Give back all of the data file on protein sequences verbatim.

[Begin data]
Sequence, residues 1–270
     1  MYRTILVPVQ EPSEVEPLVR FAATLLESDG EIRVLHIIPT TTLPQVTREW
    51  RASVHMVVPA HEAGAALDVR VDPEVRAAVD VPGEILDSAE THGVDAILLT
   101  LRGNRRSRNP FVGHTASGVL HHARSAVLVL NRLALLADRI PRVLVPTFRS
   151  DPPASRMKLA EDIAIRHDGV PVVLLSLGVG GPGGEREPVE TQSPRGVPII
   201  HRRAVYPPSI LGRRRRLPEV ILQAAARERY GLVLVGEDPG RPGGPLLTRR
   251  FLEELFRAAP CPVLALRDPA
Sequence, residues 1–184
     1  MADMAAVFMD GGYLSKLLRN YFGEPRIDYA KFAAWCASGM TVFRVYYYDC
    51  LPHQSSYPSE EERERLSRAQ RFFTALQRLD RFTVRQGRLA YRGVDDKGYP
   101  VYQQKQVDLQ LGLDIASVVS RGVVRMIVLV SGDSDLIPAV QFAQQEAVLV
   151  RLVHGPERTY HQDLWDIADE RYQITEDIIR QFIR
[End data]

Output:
Sequence, residues 1–270
     1  MYRTILVPVQ EPSEVEPLVR FAATLLESDG EIRVLHIIPT TTLPQVTREW
    51  RASVHMVVPA HEAGAALDVR VDPEVRAAVD VPGEILDSAE THGVDAILLT
   101  LRGNRRSRNP FVGHTASGVL HHARSAVLVL NRLALLADRI PRVLVPTFRS
   151  DPPASRMKLA EDIAIRHDGV PVVLLSLGVG GPGGEREPVE TQSPRGVPII
   201  HRRAVYPPSI LGRRRRLPEV ILQAAARERY GLVLVGEDPG RPGGPLLTRR
   251  FLEELFRAAP CPVLALRDPA
Sequence, residues 1–184
     1  MADMAAVFMD GGYLSKLLRN YFGEPRIDYA KFAAWCASGM TVFRVYYYDC
    51  LPHQSSYPSE EERERLSRAQ RFFTALQRLD RFTVRQGRLA YRGVDDKGYP
   101  VYQQKQVDLQ LGLDIASVVS RGVVRMIVLV SGDSDLIPAV QFAQQEAVLV
   151  RLVHGPERTY HQDLWDIADE RYQITEDIIR QFIR